CHR to document ‘hate crimes’ vs LGBTsBy Philip C. Tubeza
Philippine Daily Inquirer
MANILA, Philippines—To help stop abuses against lesbians, gays, bisexuals, and transgenders (LGBTs), the Commission on Human Rights on Tuesday said it will systematically document “hate crimes” against LGBTs, just like the human rights violations during Martial Law in the 1970s.
CHR chair Loretta Ann Rosales said documenting hate crimes against LGBTs was very important so that these could be used as evidence in court.
“That is important. We have to systematize. We have to make these [cases] official. We have to document the violations,” Rosales said in a forum.
“Just like the Martial Law project, we are digitizing this so that it becomes official. It becomes evidence. It is very, very important that these cases become evidence. These are data,” she added.
Rosales said the hate crimes that the CHR would document include police raids of private gay establishments that become opportunities for the police to mulct their patrons, discrimination in schools and workplaces, and the killing of gays.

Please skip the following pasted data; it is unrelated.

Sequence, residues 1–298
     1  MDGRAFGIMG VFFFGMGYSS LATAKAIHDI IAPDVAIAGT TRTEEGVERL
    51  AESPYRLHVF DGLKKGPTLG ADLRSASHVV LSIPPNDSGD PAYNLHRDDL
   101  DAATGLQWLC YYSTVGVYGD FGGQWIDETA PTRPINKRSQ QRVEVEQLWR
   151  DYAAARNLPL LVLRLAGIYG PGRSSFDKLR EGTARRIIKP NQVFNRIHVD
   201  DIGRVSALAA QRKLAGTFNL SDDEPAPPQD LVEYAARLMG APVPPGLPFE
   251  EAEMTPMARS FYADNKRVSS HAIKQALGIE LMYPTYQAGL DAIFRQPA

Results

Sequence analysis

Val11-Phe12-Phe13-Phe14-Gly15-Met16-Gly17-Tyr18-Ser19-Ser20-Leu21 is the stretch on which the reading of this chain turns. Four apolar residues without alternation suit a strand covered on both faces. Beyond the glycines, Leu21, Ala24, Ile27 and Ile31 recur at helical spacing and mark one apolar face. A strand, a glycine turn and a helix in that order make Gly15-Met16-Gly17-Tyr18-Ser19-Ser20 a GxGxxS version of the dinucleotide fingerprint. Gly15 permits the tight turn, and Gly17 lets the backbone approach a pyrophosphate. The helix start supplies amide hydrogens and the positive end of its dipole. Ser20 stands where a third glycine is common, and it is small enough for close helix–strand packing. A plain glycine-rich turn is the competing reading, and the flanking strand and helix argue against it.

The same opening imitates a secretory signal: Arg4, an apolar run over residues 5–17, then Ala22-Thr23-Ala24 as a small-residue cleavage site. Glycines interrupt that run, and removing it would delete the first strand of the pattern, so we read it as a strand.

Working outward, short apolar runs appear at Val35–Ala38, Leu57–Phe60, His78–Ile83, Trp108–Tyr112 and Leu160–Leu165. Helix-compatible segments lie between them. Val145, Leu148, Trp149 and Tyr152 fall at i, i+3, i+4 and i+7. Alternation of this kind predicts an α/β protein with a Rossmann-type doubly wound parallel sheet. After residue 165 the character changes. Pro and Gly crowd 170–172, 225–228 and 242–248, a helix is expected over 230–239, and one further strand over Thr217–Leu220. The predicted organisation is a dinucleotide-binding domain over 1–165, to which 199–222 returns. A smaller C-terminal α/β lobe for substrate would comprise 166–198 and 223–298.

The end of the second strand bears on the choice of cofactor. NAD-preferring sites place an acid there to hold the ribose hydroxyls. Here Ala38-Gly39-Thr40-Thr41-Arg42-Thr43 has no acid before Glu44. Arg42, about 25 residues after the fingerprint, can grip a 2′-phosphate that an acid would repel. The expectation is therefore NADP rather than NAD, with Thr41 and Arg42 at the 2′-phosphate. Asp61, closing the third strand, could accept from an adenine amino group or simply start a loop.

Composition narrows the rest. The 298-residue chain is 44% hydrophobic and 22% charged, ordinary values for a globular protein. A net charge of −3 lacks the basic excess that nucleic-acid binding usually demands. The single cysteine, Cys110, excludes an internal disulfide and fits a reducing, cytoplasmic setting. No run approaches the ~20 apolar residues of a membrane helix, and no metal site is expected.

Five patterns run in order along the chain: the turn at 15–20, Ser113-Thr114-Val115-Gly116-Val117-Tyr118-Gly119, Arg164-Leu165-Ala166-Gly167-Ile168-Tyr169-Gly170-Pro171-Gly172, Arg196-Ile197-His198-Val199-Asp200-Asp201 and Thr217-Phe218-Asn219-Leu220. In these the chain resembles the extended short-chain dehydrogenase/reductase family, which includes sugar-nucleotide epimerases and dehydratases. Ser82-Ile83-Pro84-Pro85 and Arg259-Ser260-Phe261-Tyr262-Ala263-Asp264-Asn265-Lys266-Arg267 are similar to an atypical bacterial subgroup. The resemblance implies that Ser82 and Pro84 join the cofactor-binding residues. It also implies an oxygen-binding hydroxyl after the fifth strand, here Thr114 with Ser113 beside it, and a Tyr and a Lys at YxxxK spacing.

“When the LGBT come together and they have fun, these areas are raided by the police unnecessarily. What’s wrong with having fun? They have to be respected but they are being raided,” Rosales said.
“Even in Catholic schools, there is discrimination. It’s like it is a mortal sin if you are a homosexual or lesbian. This is is a complex issue because it is cultural … so there has to be a way of standardizing these cases,” she added.
Rosales noted that it would be difficult to say that a homosexual was killed because of his sexual orientation and not because of other motives.
“There are killings that take place but that thing is, how to you define whether or not this is really brought about by discrimination? To be able to do that, you have [to systematize] the cases. It has to be evidence-based,” she said.
“It then becomes a case that you can take to court. You criminalize it,” she added.
Rosales said this approach had been successful in cases of torture in the country. She said torture cases were documented and this, in turn, helped in the passage of the anti-torture law.
“Now, the police about manhandling their prisoners because we have an anti-torture law,” she said.
Rosales said that the CHR would finish training its human rights investigators about LGBT issues by the end of the year.
“We have to develop our human rights investigators. They need to have an orientation on LGBT thinking and consciousness,” she said.
“So, right now, we are training our own people within CHR so that they would have the sensitivity and not become ignorant,” Rosales added.